It’s amazing how the human mind works. While riding to lunch the other day, our driver ducked down a side street to avoid a clogged left turn arrow. As we rolled down this residential bypass, I spotted this car and immediately thought “Celica Sunchaser!”
I must pat myself on the back- Recalling that name after thirty years fully validates my car geek credentials. Had anyone in the car asked me about that odd looking Celica parked at the curb, I could have told them that back in the early eighties it represented a “halo” car for select Toyota showrooms, and was modified by an specialty manufacturer working in the same vein as Hans Prechter’s American Sunroof Corporation (but to clarify, it was not built by ASC). The cars were shipped from the Toyota factory to a Griffith Company facility where the roof was cut off, body reinforced, and new fiberglass components installed to provide a removable roof (The fiberglass also covered the rough sawn sheet metal edges).
I also recalled that the B-Pillar on these cars read “Sunchaser,” but while a nameplate indentation remains, the plate itself had fallen off both sides of the car. A careful study of this photograph also reveals that the composite cover over the B-pillar isn’t holding up much better than the missing nameplates. The edge trim has separated (perhaps because the fiberglass is disintegrating), and the face of the cover appears to be delaminating due to exposure.
So how did I recall the name “Sunchaser?” Simple- In their February 1980 issue, Motor Trend declared the Sunchaser as the next big thing. They placed the car on the cover, and devoted a full 6 pages to a review of the car. The article also included an extensive sidebar showing cars being modified at the vendor. At the time, this model topped the Celica price range, adding $2,995 to the MSRP. In 1980 this represented about half the cost of a base Celica, forcing the car into a higher price bracket where it competed with European nameplates carrying greater cachet than the budget minded Toyota nameplate. That helps explain why the Sunchaser only lasted three years.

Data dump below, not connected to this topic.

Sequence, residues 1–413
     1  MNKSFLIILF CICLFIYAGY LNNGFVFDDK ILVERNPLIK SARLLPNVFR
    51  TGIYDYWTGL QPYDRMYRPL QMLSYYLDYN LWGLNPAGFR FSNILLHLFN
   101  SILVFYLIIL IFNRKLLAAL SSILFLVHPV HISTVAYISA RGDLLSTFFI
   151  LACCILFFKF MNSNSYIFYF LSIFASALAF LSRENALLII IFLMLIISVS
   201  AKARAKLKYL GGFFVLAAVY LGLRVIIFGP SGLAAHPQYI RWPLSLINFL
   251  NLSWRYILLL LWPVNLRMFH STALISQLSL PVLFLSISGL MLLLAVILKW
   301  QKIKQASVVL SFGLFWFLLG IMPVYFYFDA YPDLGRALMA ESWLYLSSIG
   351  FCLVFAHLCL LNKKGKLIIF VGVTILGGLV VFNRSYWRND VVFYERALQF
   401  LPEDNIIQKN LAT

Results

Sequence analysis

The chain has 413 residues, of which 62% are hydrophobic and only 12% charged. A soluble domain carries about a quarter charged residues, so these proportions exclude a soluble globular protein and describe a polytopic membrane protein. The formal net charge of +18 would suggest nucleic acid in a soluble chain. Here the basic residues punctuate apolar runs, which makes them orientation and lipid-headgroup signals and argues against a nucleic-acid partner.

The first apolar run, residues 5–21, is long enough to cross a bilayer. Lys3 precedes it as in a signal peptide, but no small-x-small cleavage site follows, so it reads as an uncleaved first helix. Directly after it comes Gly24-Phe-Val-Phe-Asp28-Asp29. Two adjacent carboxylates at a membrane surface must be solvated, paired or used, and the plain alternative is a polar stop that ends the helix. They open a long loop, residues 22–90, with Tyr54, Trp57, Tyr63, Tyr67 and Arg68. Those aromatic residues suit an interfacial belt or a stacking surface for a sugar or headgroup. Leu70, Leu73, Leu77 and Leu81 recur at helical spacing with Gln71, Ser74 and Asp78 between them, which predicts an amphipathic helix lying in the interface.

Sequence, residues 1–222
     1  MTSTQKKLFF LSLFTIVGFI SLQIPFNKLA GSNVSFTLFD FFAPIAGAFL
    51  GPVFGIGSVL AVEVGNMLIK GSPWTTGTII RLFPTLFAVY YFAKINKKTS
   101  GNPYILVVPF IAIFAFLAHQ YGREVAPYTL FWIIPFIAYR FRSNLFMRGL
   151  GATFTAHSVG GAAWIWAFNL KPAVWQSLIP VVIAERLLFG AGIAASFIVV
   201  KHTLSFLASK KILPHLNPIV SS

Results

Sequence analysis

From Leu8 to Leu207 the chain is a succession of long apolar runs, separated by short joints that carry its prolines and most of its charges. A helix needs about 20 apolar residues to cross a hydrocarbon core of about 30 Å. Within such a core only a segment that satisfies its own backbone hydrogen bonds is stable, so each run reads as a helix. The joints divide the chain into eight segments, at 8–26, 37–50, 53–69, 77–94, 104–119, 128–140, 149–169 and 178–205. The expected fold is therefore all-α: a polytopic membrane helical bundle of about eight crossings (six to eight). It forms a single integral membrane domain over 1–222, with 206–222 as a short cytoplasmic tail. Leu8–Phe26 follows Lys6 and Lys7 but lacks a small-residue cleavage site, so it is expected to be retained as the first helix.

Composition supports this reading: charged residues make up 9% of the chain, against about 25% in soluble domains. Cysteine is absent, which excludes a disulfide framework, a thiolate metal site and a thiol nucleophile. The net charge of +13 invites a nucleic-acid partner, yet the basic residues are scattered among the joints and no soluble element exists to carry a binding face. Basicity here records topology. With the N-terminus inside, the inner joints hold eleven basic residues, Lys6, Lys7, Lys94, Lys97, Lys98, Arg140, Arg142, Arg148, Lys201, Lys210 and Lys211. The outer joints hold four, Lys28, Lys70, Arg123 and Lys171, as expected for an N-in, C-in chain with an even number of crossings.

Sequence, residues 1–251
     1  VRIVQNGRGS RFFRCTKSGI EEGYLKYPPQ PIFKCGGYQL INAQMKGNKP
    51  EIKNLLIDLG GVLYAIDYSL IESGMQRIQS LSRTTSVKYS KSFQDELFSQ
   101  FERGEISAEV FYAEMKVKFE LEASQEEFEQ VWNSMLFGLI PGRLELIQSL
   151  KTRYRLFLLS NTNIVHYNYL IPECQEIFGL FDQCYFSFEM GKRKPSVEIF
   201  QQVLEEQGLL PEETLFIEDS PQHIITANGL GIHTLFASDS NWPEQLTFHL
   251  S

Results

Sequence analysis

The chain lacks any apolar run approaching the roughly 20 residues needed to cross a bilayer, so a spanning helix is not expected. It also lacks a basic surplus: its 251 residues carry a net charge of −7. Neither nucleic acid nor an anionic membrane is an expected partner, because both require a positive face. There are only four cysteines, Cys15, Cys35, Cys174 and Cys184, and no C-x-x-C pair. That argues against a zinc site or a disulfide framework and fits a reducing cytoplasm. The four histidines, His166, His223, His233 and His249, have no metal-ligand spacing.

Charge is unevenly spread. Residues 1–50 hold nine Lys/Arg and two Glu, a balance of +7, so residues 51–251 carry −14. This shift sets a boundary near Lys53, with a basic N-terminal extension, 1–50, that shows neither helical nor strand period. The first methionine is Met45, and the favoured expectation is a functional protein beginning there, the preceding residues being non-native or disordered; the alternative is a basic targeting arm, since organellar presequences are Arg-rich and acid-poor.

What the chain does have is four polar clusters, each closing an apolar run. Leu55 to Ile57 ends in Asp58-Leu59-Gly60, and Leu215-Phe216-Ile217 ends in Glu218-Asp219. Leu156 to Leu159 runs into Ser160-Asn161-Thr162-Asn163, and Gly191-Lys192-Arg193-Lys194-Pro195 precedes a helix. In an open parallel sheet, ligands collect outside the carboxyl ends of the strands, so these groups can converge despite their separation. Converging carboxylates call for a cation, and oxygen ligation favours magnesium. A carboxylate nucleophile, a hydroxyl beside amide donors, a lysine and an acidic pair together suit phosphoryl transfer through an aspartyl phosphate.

This car looks nothing like the cars in the Motor Trend article (linked here). The fawning writer went into great detail regarding the superior engineering of the Griffith components, but may have been mislead by the glossy brochures. These pictures indicate that the basic Toyota trim parts have held up well (setting aside paint finish), but the Sunchaser pieces do not match Toyota quality. Short of a new tail light assembly, the Celica part of this car looks ready for another ten or twenty years, while the Griffith top pieces appear ready to expire today.
This close up of the forward edge iof the roof emphasizes my point. To match the Targa top insert (and cover up chop saw marks), Griffith covered the roof metal with black vinyl. It appears the vinyl has degraded, and trapped moisture against the sheet metal, leading to accelerated corrosion.
I should note that my criticism of this car could include the overall maintenance. A glance inside indicates that the current and previous owners have not strived to mantain the vehicle in a like new condition. That full ashtray also points to an owner who’s efforts are in opposition to good maintenance practices. However, I do find it amusing that someone took the time to remount the driver’s arm rest without the door panel in place. Certainly an approach that values functionality over form.
As I gaze on this Sunchaser, I’m once again struck by the contrast between the shiny new models once gracing the pages of Motor Trend, and this curbside reality from today. Inspired by this physical manifestation of a youthful memory, I dug further into the internet. No surprise, I found conflicting data and no real hard production numbers. In addition to multipe hits showing variations of this notchback targa topped Celica, there were also two black and white photographs of additional Griffith models. First up, this Targa version of the Celica fastback, called the TX22 Sport:
Followed by this Supra based version called the Legato:
Beyond these brochure images, I only found one current picture of a actual TX22 Sport (in rough shape and riding on a trailer), and no recent pictures of a Legato. I’m thinking if these cars still exisit, they’re far rarer than the Standard Sunchaser. However, the most exciting thing I found during my internet research was….
This lovely beauty-
I present to you the AMC Eagle SunDANCER! Perhaps looking to leverage that Toyota magic, AMC also teamed up with the Griffith Company and developed a targa convertible, based on their long lived subcompact (AMC’s only remaining platform). While this picture (from the website Bring a Trailer) shows an all wheel drive Eagle version, you could also get the Sundancer in the rear wheel drive Concord. Just like that, this unique conversion has leaped to the top of my CC photo want list. I’ll be keeping my eye out for one- Call me if you see one in your town.